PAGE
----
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Fasco Idfonce Chengula
Brigitte Nyambo
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Brigitte Nyambo
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International Journal of Agricultural Education and Extension

Dissemination of agricultural weather forecasts under weather and climate variability: a case of the smallholder farmers in Moshi rural District, Tanzania

Fasco Chengula and Brigitte Nyambo

Centre for Climate Change Studies, University of Dar es Salaam; P. O. Box 33453, Tanzania.

International Centre of Insect Physiology and Ecology, (ICIPE), P. O. Box 30772-00100 Nairobi, Kenya.

Accepted 03 June, 2016

Citation: Chengula F, Nyambo B (2017). Dissemination of agricultural weather forecasts under weather and climate variability: a case of the smallholder farmers in Moshi rural District, Tanzania. International Journal of Agricultural Education and Extension, 3(1): 048-057.

Copyright: © 2017 Chengula and Nyambo. This is an open-access article distributed under the terms of the Creative Commons Attribution License, which permits unrestricted use, distribution, and reproduction in any medium, provided the original author and source are cited.

Abstract

Since its formation in 1978, the Tanzania Meteorological Agency (TMA) has continued to provide agricultural weather forecasts among other climate products. However, the uptake and use of these weather forecasts by target end users under changing environment is uncertain. In this paper, production and dissemination pathways of agricultural weather forecasts in Tanzania with a focus to Moshi Rural District are presented. A combination of participatory research approaches and household surveys were used to explore perceptions of local communities on dissemination, application and reliability of agricultural weather forecasts. While the study shows that 96% of farmers depend on climate and weather information for on-farm decision making, only 40% of farming communities rely on TMA weather forecasts. The rest of farmers rely on indigenous knowledge-based weather forecasts. The TMA seasonal weather forecasts lack local/area specific focus. The forecasts relates to area-wide patterns, amounts, distribution, onset and offset of rains, its associated impacts and advisories on possible actions to be taken by users in risk areas. TMA forecasts are unpopular because of too high degree of local unreliability in terms of spatial and temporal distribution and use of technical language. Challenges of packaging and dissemination of seasonal agricultural weather forecasts to smallholder farmers by TMA were identified, and some suggestion on the way forward made.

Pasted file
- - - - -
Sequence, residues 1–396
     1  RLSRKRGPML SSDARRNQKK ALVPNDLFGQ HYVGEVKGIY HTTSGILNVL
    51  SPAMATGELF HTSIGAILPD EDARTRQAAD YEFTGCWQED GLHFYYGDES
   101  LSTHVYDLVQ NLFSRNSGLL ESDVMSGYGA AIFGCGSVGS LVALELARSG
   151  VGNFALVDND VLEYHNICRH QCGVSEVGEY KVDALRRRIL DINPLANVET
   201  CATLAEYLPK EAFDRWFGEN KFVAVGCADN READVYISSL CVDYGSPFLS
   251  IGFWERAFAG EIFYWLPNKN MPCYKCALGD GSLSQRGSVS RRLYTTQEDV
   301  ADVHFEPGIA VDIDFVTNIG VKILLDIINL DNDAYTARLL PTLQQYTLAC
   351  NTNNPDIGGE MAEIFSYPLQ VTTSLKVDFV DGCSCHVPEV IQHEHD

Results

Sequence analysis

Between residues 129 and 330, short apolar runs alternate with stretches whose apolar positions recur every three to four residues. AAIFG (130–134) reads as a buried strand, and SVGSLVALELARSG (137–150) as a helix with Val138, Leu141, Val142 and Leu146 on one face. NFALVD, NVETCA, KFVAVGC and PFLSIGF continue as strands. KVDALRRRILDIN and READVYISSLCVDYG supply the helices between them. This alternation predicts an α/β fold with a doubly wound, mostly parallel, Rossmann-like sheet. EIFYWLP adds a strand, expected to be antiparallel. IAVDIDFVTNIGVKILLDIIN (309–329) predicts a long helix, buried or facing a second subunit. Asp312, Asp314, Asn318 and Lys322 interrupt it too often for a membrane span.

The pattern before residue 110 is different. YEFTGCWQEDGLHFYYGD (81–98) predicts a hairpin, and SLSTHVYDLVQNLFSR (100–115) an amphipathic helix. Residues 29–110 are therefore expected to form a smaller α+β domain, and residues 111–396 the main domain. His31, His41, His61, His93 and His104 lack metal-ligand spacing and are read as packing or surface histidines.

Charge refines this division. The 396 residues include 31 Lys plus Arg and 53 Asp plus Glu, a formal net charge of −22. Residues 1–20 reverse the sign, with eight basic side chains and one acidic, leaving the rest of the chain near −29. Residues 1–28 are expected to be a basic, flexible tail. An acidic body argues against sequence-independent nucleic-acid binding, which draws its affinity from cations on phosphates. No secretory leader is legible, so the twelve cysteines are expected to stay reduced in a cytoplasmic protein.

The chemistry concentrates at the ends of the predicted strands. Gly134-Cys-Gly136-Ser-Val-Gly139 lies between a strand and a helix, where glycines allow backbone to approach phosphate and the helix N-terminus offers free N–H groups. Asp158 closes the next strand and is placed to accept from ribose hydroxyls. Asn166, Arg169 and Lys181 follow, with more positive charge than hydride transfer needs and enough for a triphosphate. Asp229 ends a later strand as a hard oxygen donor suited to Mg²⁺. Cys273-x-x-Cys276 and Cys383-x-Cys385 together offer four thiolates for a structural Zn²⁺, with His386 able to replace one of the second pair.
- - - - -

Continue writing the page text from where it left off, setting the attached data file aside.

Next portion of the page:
Key words: Weather forecast, communication pathways, Tanzania.